Ahoy there Shipmates, Tim awoke the Youth Crew at 0630 with yet another hit from a forgotten era and everyone came up on deck for the last early morning activity. Tim had quite a treat in store for the Youthies, they had not realised it but over the last 10 days they had learnt some crazy dance moves, so the deck was soon heaving with some crazy disco era dancing. After everyone had the blood flowing once more, they went below to have some breakfast, shower and sadly to pack their bags. It was however a happy Youth Crew that mustered on the port side of the bridge for the final time. With a final presentation from Caitlin the Nav, Paige the Salty Sea Dog and a poem and then a quote from myself. The Youthies went below once more to do a final clean of the ship in preparation for the next Youth Crew to join the ship in 4 days time. We departed the marina at 0900 and started to make our way up the Brisbane River for a short harbour cruise. The Youth Crew then manned the yards in the ancient ritual as a sign of peace and good intentions (see below for an explanation). All to soon the time had come to turn around and return to the marina. After a quick flyby and the firing of the cannons we came alongside the marina for the last time at 1000 to some very welcoming family and friends. Once the Youth crew were down from the yards there was a farewell ceremony conducted at midships and then we said goodbye to our new shipmates and friends. It has been a very important voyage for me as I was not only saying farewell to the Youth Crew but I was also saying farewell to the ship. After 27 voyagers as a Staff Crew member, 6 of those in command. The time has come for me to step aside and let the next generation of Staff Crew guide the future Youth Crew down their own personal journey. It has been a pleasure to dedicate the last two and a half years of my life to helping to facilitate a voyage of a life time for 671 young Australians. There has been no greater honour then to help each and everyone of them through 11 amazing days at sea on a tall ship. As I now walk the empty passage ways of the ship, there are no longer the echoâ€™s of laughter and high jinks. The ship has lost an important part of what makes it whole, it feels lonely without a Youth Crew to sail her. For the final time, live, let live and be merry CAPT Matt A journey is best measured in friends rather then miles. Tim Cahill How lucky am I to have had something so good that makes saying goodby so hard Winnie the Poo The true reward of a journey of discovery is not the destination, but the realisation that you now look upon the world in a different way. Matthew Warren People travel for a lot of reasons. They fly all around the world, from one tourist attraction to the next. You always see them rushing about, always rushing. You cant rush a tall ship. By its very nature you need to work with the ship, to work with the weather. Sometimes you drift with the currents, other times you battle against squalls, but always working with the ship, the crew and the weather. For where we go one we go all. Myself I travel to find out what it is over the horizon that makes the sunrise so damn beautiful. Matthew Warren Manning the Yards Back in the days of old when a sailing merchant ship entering port was a great occasion the people of a port used to come down to the quay and see what great delights and luxuries they might be able to acquire before they were all sold out (Just picture the boxing day sales). However not everyone was willing to go the long yards for a legitimate piece of eight and sometimes a pirate ship would sail into port all innocent like and then as the people came down to the quay they would roll out their cannons and threaten to shot the town up unless a ransom was paid. Towns folk being good at protecting what was theirs since back in the days of Kane and Able felt that some shore defences would prevent such an issue and as such they built shore batteries of guns to protect the harbour. They then made an approaching ship run out her guns and then send everyone that was not required to man the ship to bring her alongside aloft to man the rigging. Those left on deck would then fire off the guns to prove that they were empty. With all the gunners and idlers aloft there was no one to man the guns and the ship was then approved to enter the port. So on the last day of a voyage we have the Youth Crew man the yards and then as a final salute to our port of entry we fire off our cannons to symbolise the friendship and good intent of Young Endeavour.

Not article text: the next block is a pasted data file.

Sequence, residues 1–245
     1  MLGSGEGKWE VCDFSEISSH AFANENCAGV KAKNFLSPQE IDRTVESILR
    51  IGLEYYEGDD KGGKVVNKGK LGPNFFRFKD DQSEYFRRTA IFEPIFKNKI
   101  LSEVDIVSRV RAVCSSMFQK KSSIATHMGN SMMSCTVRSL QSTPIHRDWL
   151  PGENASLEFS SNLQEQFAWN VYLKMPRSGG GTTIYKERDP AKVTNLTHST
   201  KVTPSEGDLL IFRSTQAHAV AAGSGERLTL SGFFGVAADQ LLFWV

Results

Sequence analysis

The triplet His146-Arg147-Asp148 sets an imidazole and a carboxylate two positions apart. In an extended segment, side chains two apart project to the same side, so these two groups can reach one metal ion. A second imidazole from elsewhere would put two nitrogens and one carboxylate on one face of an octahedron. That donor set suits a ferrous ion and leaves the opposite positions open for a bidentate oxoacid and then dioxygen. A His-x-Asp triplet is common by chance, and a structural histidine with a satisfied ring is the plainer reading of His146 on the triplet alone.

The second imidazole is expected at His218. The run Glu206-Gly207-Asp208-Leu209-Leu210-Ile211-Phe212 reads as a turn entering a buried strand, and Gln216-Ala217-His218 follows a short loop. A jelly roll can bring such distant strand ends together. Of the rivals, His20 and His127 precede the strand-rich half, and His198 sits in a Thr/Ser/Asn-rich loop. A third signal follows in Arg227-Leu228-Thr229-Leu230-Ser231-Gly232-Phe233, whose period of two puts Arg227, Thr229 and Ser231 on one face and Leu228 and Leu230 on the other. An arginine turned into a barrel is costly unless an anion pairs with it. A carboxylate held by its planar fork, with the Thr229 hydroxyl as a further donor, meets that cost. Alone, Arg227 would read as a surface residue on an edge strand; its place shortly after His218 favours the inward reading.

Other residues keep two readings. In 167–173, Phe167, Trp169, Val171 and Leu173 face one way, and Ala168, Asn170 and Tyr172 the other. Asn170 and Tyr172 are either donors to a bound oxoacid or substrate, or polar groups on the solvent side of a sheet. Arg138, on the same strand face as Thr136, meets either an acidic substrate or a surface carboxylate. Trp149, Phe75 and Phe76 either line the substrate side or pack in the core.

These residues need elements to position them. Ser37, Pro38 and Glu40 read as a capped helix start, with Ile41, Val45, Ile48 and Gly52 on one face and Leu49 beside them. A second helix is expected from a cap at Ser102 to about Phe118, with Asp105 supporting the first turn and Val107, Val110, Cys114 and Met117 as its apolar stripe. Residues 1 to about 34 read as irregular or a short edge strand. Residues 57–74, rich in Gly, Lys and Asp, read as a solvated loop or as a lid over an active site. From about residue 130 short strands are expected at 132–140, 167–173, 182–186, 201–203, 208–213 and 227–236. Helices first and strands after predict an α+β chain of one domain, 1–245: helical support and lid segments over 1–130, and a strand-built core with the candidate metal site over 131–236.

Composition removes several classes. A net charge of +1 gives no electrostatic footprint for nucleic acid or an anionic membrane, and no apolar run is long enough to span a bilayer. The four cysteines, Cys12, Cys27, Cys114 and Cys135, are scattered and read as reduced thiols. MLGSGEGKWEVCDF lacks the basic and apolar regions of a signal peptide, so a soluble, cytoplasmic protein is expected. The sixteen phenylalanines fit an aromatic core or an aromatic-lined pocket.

WInd: From the north east at 7ktsSwell: NilBerthed alongside River gate marina
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Day 2 found the ship tucked away nice and snug in the lee of the lovely, Mud Island in Moreton Bay. Hands were called at 0630 and the youth crew's presence was kindly requested topside for a bit of move and shake, for our first early morning activity. Then it was away to wash and eat before morning brief took place on the bridge after the formalities of our Colours ceremony at 0800. Dion hatched the plan for the day and then Theresa (our lifesaving and safety equipment expert) took charge for a collective closer look at said lifesaving equipment. Whilst that was happening, remaining staff weighed anchor under a gorgeous blue and sun drenched day and we commenced our pilotage out of Moreton Bay - with Emma the Navigator as our trusty Pilot. Once Theresa had completed her briefing, youth crew turned-to cleaning stations, or as we call it, "happy hour". Whales, turtles and dolphins frolicked as we sailed past them and then out into the Coral Sea we went. A large cargo ship tooted their horn, 'adieu', and we responded in kind. All the while our sea puppies set and furled the sails, had a wee break for lunch, then continued with same all afternoon. Finally, when watch leaders gave me the nod, I gave Dion a wink and he called the ship to tacking stations. Ladies and gents, boys and girls, it was with almost mechanical precision that this youth crew of ours, performed their duties in a well oiled fashion, and they did tack this ship, back and forth, several times to drill and practice the required actions to manouevre this beautiful ship through the wind. I was well impressed. Bravo I said, then Dion stood them down for half an hour. Dinner was taken at 1715, then the youth crew turned-to sea watches, to assist with navigational safety overnight, whilst the others slept soundly. Each watch would take a four hour trick to follow the navigation plan by helm, keep lookout duties and conduct hourly rounds throughout the night. Additionally they would consolidate sail handling and climbing procedures. If they didn't know, now they know - This here is a working ship and we have no passengers embarked. Captain Adam Charlie Farley+